Author Topic: First post! Clown Car Help!!  (Read 5317 times)

Burninator

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First post! Clown Car Help!!
« on: January 14, 2014, 08:33:01 PM »
Howdy Mustachians -

I've recently seen the light, so to speek. But my mustache is but a wisp. I need some sage vehicle advice. Currently, my family of 3 owns one car, a necessity for my work. The car is a 2013 Jetta Sportwagen TDI that we purchased one year ago, with a zero percent interest loan. We owe approximately 20,000 on the car, and the Blue book value is around 21,000. I'm trying to convince my wife we should sell the VW and buy less of a clown car in the $6-10,000 range (Scion Xa or Honda Fit). We would be paying cash for the new used car. Am I correct that purchasing a cheaper car would be a much better financial decision? We currently drive approximately 8000 miles a year.

Assuming we can get 20,000 for the VW, and worse case scenario pay 10,000 for something else I see the savings as:

10,000 + difference in full coverage insururance vs liability only.

The only hurdles I see are my wife, who loves the car, and the difficulty of selling such a new car.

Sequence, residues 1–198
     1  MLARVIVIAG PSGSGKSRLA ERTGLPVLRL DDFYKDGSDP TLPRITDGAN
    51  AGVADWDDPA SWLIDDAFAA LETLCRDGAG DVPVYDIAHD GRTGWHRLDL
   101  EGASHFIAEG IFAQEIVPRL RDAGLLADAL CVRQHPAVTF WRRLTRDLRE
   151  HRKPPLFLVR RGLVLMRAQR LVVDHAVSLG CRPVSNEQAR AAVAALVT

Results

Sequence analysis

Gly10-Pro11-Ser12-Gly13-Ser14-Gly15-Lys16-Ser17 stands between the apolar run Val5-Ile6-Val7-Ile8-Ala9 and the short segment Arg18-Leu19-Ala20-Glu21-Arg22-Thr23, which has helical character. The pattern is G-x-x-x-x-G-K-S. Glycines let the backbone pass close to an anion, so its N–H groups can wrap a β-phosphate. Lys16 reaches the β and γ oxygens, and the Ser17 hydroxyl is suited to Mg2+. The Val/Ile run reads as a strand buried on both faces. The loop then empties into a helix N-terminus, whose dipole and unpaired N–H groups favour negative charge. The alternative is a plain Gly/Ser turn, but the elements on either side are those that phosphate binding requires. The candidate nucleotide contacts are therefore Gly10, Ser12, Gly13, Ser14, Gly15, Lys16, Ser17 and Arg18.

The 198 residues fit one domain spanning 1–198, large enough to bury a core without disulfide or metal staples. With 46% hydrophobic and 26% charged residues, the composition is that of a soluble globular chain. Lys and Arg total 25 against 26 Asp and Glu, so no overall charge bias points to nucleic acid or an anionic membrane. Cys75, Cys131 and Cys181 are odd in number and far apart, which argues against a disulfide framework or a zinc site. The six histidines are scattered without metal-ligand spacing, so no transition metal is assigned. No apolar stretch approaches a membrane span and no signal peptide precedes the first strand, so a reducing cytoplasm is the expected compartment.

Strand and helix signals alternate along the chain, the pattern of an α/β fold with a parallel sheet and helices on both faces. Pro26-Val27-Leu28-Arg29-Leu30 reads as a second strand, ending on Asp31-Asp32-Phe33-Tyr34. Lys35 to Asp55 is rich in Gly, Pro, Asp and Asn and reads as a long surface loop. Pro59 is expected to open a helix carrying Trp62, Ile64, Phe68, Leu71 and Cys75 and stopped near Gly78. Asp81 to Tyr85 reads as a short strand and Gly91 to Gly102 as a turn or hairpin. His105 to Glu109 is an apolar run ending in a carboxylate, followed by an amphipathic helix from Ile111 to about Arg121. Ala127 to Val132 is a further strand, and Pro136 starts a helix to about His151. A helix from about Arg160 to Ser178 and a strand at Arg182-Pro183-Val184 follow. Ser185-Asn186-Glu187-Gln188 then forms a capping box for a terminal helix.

What do you guys think?

Thanks

Burninator

Bruised_Pepper

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Re: First post! Clown Car Help!!
« Reply #1 on: January 14, 2014, 08:40:36 PM »
Definitely sell.  I think you've got a handle on it. 

Judging by the other "what to do with my car" posts around here, the fact that you have positive equity in a car that cost over $20,000 is a miracle.

Home Stretch

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Re: First post! Clown Car Help!!
« Reply #2 on: January 14, 2014, 08:57:33 PM »
I am going through a similar decision making process right now (see the only thread I've started).

Every month you make a car payment is another month of throwing away more cash and sinking more money into a car instead of making that money work for you as an investment.

I would go as far as to say that a viable strategy would be to sell the Jetta, get something in the 10k range, and then on top of that use a sub-3% credit union car loan to finance the used car purchase. That will keep as much cash as possible available for investment, which will almost certainly earn you more than 3%, especially with the way the market has been correcting lately.

Also, selling a new-ish car is crazy easy. Put that thing on craigslist and you can flip it in a week. People love nothing more than getting a practically new car that someone else has already taken the initial depreciation hit on (no offense).